HC Deb 06 February 1958 vol 581 cc1346-8
34. Mr. Royle

asked the Secretary of State for the Home Department if he will make a statement on increases in salaries of probation officers.

37. Mr. V. Yates

asked the Secretary of State for the Home Department why he declined to accept the recommendation of the joint negotiating committee for England and Wales in favour of an increase of 10 per cent. in the salary of senior and principal probation officers after the claim had been under consideration for fifteen months.

Mr. R. A. Butler

On the recommendation of the Joint Negotiating Committee for the Probation Service in England and Wales, I made Rules in July, 1957, increasing, with effect from 1st January, 1957, the salaries of the 1,200 probation officers in the basic grade, by amounts ranging from 18.6 per cent. at the minimum to 8.2 per cent. at the maximum.

On 16th October last, the Joint Negotiating Committee recommended to me increases of about 10 per cent. for the 185 senior and principal probation officers. I had already instructed my representatives that I should feel great difficulty in going above the figure of 8.2 per cent. that had already been given at the maximum of the scale for the basic grade; and after very careful consideration I eventually decided that I should not be justified in authorising a greater increase in the salaries of these officers. I informed the Joint Negotiating Committee accordingly, on 8th January, and it asked me to defer announcing my decision until after its meeting on 28th January. I am now authorising an increase of 8.2 per cent. for senior and principal probation officers with effect from 1st January, 1957, and I hope that they will receive the arrears of the pay due to them by the end of the month. My warning and my eventual decision were prompted by consideration of the present financial and economic circumstances.

I have told the Committee that I shall be willing, at a more appropriate time, to consider adjustments of the kind they have recommended, which involve changes in the differentials between the supervisory and basic grades of the Probation Service. The Committee asked me to receive a deputation to represent to me the considerations by which it was influenced in formulating its recommendations, and I hope to do so at an early date.

Mr. Royle

Is not this attitude towards the senior officers a very mean one, and does not the right hon. Gentleman's own progressive policy in these matters rely on an efficient and adequate probation service? Is this the way to get it?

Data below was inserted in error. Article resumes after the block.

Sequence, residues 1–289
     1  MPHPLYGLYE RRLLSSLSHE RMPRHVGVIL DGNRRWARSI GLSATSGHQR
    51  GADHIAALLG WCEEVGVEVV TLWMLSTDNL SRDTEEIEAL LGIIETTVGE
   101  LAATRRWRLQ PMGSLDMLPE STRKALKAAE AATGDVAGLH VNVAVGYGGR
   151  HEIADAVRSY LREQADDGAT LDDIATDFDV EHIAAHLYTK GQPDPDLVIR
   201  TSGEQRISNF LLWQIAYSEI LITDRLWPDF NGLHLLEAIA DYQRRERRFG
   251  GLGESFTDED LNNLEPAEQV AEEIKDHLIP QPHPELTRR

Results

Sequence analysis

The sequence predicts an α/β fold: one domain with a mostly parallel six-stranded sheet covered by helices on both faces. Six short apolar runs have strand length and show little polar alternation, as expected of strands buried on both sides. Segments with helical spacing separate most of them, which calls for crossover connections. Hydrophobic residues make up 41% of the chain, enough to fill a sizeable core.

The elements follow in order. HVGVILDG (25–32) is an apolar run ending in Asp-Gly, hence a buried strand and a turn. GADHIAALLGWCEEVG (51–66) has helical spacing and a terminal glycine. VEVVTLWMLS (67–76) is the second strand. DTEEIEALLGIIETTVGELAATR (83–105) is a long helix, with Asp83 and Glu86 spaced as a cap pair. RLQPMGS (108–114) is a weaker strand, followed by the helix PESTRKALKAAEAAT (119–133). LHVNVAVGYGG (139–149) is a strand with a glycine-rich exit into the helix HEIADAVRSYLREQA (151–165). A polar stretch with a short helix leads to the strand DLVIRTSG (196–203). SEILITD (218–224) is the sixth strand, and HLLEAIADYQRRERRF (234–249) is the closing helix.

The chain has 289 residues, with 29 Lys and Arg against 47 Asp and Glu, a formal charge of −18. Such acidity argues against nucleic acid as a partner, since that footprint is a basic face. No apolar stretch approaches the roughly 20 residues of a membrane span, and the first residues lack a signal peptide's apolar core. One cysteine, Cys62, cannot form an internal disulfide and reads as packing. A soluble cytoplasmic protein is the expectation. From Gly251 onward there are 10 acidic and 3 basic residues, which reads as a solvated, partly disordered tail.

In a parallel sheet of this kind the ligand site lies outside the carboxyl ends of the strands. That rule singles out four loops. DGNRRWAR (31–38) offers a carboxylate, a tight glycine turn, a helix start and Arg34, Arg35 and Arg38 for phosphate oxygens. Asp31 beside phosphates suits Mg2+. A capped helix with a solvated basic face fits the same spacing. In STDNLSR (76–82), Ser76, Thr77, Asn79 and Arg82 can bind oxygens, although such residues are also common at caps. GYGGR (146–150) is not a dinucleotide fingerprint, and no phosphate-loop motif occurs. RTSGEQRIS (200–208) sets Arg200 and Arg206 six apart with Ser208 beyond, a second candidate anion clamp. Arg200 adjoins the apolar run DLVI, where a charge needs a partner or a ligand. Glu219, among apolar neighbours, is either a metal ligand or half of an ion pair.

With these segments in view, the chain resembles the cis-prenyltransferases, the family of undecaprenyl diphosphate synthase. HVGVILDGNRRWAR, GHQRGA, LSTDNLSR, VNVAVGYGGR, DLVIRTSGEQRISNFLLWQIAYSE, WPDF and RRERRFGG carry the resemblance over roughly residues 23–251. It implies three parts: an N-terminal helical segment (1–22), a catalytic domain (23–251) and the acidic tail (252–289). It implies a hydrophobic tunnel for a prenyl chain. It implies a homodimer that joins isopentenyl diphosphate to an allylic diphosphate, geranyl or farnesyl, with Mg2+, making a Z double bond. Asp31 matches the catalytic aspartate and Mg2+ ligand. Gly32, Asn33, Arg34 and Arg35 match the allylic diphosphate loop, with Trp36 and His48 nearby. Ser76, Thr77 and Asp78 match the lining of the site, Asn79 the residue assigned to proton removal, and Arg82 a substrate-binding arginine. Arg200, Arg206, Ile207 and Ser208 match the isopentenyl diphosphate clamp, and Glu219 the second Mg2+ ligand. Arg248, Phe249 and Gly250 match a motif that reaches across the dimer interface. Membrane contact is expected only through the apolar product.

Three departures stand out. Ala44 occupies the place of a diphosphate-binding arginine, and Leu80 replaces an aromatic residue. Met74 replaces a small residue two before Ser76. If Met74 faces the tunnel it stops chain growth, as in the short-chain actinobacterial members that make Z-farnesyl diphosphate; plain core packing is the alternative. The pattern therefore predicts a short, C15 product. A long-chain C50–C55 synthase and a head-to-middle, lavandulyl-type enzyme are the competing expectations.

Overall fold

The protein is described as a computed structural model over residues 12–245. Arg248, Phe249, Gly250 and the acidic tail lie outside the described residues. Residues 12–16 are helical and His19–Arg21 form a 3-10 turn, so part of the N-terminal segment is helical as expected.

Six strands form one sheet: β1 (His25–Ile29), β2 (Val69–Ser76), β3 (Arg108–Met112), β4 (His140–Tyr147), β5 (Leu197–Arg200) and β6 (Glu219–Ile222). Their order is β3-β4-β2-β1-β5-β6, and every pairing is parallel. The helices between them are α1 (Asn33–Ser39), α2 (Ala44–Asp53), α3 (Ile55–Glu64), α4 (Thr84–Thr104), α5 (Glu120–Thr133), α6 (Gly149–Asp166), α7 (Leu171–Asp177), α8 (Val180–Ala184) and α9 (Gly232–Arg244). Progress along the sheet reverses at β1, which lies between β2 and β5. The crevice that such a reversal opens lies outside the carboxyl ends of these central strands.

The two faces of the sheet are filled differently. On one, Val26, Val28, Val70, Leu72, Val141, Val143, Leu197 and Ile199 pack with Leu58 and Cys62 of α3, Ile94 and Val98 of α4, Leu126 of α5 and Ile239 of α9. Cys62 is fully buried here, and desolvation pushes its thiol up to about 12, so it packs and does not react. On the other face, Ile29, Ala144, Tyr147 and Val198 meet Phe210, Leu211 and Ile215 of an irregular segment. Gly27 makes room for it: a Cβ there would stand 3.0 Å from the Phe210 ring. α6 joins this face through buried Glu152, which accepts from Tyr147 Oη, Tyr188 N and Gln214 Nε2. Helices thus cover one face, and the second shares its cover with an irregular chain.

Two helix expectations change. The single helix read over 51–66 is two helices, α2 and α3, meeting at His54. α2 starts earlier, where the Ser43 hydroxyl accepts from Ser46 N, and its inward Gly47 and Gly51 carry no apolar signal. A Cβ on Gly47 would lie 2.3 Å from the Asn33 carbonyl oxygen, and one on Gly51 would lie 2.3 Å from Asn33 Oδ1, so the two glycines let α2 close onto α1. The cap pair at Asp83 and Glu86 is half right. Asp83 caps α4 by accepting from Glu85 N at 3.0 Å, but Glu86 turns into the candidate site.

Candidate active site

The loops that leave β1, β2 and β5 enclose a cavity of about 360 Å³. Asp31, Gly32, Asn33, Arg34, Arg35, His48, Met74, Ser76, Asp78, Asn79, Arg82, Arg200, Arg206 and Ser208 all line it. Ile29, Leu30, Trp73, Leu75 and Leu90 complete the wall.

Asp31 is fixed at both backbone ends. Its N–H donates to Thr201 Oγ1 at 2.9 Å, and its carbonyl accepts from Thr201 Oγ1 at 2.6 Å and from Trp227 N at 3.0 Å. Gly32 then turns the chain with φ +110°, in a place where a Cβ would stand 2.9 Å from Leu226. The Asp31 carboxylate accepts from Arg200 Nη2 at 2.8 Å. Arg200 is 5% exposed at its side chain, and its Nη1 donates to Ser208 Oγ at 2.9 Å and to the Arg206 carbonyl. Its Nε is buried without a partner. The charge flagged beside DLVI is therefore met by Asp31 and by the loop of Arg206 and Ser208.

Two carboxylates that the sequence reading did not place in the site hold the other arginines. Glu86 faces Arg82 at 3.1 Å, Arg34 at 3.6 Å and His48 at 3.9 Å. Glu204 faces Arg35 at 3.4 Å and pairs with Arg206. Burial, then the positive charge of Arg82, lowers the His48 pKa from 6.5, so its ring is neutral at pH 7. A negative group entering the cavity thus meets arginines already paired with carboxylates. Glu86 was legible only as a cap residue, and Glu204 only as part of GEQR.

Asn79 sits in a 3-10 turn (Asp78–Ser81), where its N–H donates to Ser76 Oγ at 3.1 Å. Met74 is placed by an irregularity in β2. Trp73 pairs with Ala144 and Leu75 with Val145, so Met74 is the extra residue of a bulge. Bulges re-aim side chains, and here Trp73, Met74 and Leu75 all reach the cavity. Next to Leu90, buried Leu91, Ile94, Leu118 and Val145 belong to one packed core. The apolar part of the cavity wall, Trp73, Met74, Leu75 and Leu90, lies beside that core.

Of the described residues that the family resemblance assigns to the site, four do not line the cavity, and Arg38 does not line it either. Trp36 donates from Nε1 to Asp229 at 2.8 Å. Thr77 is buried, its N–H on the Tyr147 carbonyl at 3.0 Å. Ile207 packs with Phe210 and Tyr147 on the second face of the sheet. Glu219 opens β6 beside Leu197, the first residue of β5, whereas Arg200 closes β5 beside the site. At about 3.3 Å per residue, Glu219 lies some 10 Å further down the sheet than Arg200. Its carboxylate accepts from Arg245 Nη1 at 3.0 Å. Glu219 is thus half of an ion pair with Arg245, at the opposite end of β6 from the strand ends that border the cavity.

Mr. Butler

I certainly rely on these officers perhaps as much as anybody else in the various schemes of reform I have in mind, but, as I had already instructed my representatives in my difficulty of going above the figure of 8.2 per cent., I do not think there has been any breach of faith, very much as I regret not being able to allocate greater sums to these excellent officers.

Mr. V. Yates

Is it not rather unfortunate that, on an application that has been under consideration for fifteen months, especially bearing in mind the very serious under-strength in this service which is vital to the country, the Joint Negotiating Committee's recommendation should be refused?

Mr. Butler

Yes, Sir, I think that it is regrettable that that should have happened, but it was done in the light of the present financial and economic circumstances, and in line with general Government policy in these matters. Had I not previously instructed my representatives, I should not have felt that my conscience was clear in this matter. I have undertaken to receive a deputation, and I think that we had better leave the matter until I receive the deputation.

Mr. Hyde

Is my right hon. Friend aware that, at the present time, there is a serious shortage of officers in this Service, which he recently described as an indispensable part of our social and judicial system? Is he aware also that it is a somewhat ironic situation that the total saving to be effected in this way is in the region of £4,500 a year, equivalent to keeping nine youths in Borstal for a year, whereas a fully staffed probation service would have saved this amount of money many times over?

Mr. Butler

The figures given by my hon. Friend are substantially correct. I am fully aware of that matter, and I took it into consideration when making this difficult decision. But I did adhere to the original decision, as some of my colleagues have had to do in similar circumstances. I am glad to say that recruitment to training, nevertheless, improved greatly last year, and, if this continues—let us remember that there has been a rise in salary—there is good hope that, by 1959, trained men and women will be available to fill vacancies as they occur.

Mr. Royle

On a point of order, Mr. Speaker. In view of the importance of this matter, I must try to raise it on the Adjournment.

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